A drug test conducted on the driver involved in a charter bus crash that killed 17 passengers last year showed evidence of recent cocaine use, according to records obtained by The Associated Press.
The National Transportation Safety Board found evidence of cocaine in a urine sample from Barrett Broussard during its investigation of the accident, according to documents prepared by the police department in Sherman, where the wreck occurred.
Broussard was at the wheel Aug. 8, 2008, when the bus carrying 55 members of Houston's Vietnamese community to a Catholic conclave in Missouri slammed through a highway bridge guard rail and landed beside a creek.
Law enforcement officials said Broussard, 53, of Houston, hasn't been charged with a crime because the NTSB did not find evidence of cocaine in his blood, which would have indicated he was driving while impaired.
However, Broussard could face a fine from the Federal Motor Carrier Safety Administration under a regulation that bans drivers from reporting for duty when using a controlled substance.
Phil Sellers, a Houston attorney who is representing both Broussard and his employer, Angel de la Torre, said neither he nor his clients could comment because of pending civil litigation. Broussard and de la Torre are among those being sued by the relatives of the crash victims.
The NTSB is expected to issue a report on the accident, one of the worst in U.S. history, before the end of the year. The cause has widely been attributed to a blown retreaded tire on the right front axle. Federal regulations prohibit retreads from being used on the front of buses.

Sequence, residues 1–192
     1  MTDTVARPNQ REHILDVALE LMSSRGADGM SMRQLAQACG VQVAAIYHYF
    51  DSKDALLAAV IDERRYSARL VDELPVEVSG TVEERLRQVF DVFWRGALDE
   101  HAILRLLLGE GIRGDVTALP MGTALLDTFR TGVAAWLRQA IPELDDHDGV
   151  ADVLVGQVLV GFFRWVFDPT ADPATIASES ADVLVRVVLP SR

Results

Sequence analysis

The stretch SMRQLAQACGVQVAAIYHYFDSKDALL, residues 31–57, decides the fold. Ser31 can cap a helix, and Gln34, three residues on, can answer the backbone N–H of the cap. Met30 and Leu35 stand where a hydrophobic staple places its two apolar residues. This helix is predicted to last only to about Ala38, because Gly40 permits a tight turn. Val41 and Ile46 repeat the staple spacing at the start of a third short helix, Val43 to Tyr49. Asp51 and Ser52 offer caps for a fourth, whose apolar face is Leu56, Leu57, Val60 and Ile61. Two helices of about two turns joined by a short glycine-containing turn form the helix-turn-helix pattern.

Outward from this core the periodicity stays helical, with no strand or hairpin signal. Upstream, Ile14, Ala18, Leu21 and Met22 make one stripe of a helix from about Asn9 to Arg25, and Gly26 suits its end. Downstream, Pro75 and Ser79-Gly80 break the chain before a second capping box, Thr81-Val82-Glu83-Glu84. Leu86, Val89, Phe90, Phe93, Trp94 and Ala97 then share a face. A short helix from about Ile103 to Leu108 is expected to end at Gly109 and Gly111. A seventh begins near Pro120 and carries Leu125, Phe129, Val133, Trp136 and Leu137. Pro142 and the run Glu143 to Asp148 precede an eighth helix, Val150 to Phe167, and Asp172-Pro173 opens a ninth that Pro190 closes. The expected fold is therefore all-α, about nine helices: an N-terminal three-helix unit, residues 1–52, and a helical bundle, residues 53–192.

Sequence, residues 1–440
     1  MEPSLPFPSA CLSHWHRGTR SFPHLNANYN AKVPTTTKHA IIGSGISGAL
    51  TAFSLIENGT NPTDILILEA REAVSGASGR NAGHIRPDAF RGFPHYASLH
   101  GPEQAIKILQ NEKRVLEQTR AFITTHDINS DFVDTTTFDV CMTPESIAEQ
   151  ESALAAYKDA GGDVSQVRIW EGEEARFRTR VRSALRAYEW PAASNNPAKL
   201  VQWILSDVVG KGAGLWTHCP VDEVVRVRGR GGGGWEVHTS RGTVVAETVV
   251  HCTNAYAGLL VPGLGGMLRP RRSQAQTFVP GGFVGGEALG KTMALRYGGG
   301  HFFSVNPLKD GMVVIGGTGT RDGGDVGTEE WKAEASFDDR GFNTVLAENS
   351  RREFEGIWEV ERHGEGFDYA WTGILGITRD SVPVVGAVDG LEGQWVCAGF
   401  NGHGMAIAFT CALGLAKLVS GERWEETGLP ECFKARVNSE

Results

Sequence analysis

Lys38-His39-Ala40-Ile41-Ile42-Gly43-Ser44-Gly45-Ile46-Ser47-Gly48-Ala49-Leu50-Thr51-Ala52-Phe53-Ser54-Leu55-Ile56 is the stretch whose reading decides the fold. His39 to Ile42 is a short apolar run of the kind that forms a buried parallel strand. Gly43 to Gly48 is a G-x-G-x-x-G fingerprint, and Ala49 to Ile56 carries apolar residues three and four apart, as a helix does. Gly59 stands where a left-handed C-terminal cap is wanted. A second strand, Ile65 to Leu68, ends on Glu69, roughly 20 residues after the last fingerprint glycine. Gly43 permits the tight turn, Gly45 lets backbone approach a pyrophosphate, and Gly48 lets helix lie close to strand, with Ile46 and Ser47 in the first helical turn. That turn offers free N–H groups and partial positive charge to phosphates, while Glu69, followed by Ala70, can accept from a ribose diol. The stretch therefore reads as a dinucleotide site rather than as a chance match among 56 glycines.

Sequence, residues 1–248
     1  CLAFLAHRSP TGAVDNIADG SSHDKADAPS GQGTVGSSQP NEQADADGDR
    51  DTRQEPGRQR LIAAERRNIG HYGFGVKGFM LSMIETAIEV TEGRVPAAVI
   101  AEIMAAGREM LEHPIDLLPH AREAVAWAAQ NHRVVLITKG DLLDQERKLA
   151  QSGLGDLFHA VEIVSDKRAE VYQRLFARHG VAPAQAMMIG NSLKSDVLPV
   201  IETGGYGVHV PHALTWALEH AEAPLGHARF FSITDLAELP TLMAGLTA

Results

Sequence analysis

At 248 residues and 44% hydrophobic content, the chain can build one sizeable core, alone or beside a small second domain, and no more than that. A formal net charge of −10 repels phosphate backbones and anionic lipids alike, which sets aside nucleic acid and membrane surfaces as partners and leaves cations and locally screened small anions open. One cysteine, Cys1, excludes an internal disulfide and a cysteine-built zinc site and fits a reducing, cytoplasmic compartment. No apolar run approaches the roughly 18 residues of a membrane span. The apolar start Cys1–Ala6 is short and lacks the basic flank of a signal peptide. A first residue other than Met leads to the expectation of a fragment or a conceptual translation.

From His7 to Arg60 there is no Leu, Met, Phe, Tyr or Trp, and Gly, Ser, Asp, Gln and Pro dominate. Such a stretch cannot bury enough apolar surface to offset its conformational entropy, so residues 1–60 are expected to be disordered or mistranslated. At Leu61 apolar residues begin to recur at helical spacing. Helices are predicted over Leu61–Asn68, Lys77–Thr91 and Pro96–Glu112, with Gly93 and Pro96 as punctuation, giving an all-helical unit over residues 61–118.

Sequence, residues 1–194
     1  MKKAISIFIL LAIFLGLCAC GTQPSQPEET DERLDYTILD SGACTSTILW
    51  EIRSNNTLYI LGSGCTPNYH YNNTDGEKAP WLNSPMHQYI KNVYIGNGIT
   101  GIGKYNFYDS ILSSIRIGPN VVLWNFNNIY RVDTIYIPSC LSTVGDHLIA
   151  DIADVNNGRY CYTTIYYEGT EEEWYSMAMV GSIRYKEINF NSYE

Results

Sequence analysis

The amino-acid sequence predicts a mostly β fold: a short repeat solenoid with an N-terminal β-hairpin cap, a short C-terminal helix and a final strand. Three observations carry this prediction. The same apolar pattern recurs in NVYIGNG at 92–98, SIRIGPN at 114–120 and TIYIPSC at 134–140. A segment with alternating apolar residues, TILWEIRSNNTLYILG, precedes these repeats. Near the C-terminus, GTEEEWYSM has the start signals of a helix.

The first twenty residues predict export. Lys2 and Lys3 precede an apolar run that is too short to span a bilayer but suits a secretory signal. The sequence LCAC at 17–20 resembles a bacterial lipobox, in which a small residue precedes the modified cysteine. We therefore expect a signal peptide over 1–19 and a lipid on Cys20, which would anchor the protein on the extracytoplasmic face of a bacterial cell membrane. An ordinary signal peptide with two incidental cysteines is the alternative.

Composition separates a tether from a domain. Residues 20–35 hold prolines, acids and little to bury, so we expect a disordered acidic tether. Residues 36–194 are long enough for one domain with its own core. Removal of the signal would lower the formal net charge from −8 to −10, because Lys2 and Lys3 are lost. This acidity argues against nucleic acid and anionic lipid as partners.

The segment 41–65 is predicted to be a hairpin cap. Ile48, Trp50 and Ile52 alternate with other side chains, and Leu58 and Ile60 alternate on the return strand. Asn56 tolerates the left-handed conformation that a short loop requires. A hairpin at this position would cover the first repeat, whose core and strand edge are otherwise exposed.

The Sherman police documents note an officer spoke to a representative of the NTSB 13 days after the accident and learned Broussard had tested positive for the drug.
"Cocaine was detected in his urine but not his blood," wrote the officer, Mark Wood. "Broussard's blood and urine showed he already had metabolized any cocaine in his blood."
The records were prepared by Sherman police in their investigation of Broussard for negligent homicide. They were released to the AP under the Texas Public Information Act as a result of the case being closed without a charge being filed.
Investigators believed Broussard's failure to have the retread removed before the trip could have been considered a crime if it was determined that the tire blew because it was a retread. However, they were informed by the NTSB in May that the agency found that the tire failed due to a puncture, according to the documents.
Grayson County District Attorney Joe Brown said it would be unrealistic to make a case against Broussard based on the positive drug test because it probably wouldn't be allowed as evidence.
Amitava Dasgupta, a professor of pathology and laboratory medicine at the University of Texas Medical School at Houston, said metabolized cocaine in a urine sample typically means the drug was used between 12 hours and three days before the specimen was collected.
"This is not a black and white case that he snorted cocaine and was impaired and caused an accident," Dasgupta said.
The Sherman police records, citing Broussard's log for Aug. 7, 2008, indicate the driver had been on duty for about seven hours, with an hour break, when the bus crashed.
Duane DeBruyne, a spokesman for the Federal Motor Carrier Safety Administration, said the agency can pursue civil penalties against a driver found to have used a controlled substance. He said he couldn't comment on Broussard's positive test because his agency hasn't closed its investigation.
FMCSA regulations require drivers to submit to pre-employment drug screening and periodic random testing after being hired, DeBruyne said. Employers are responsible for making sure the tests are conducted, he said.
Broussard pleaded guilty to driving while intoxicated in 2001 in Houston and was sentenced to 10 days in jail, records show. He was driving a personal vehicle at the time. He was hired as a driver for one of de la Torre's companies, Angel Tours, in May 2007, according to company records.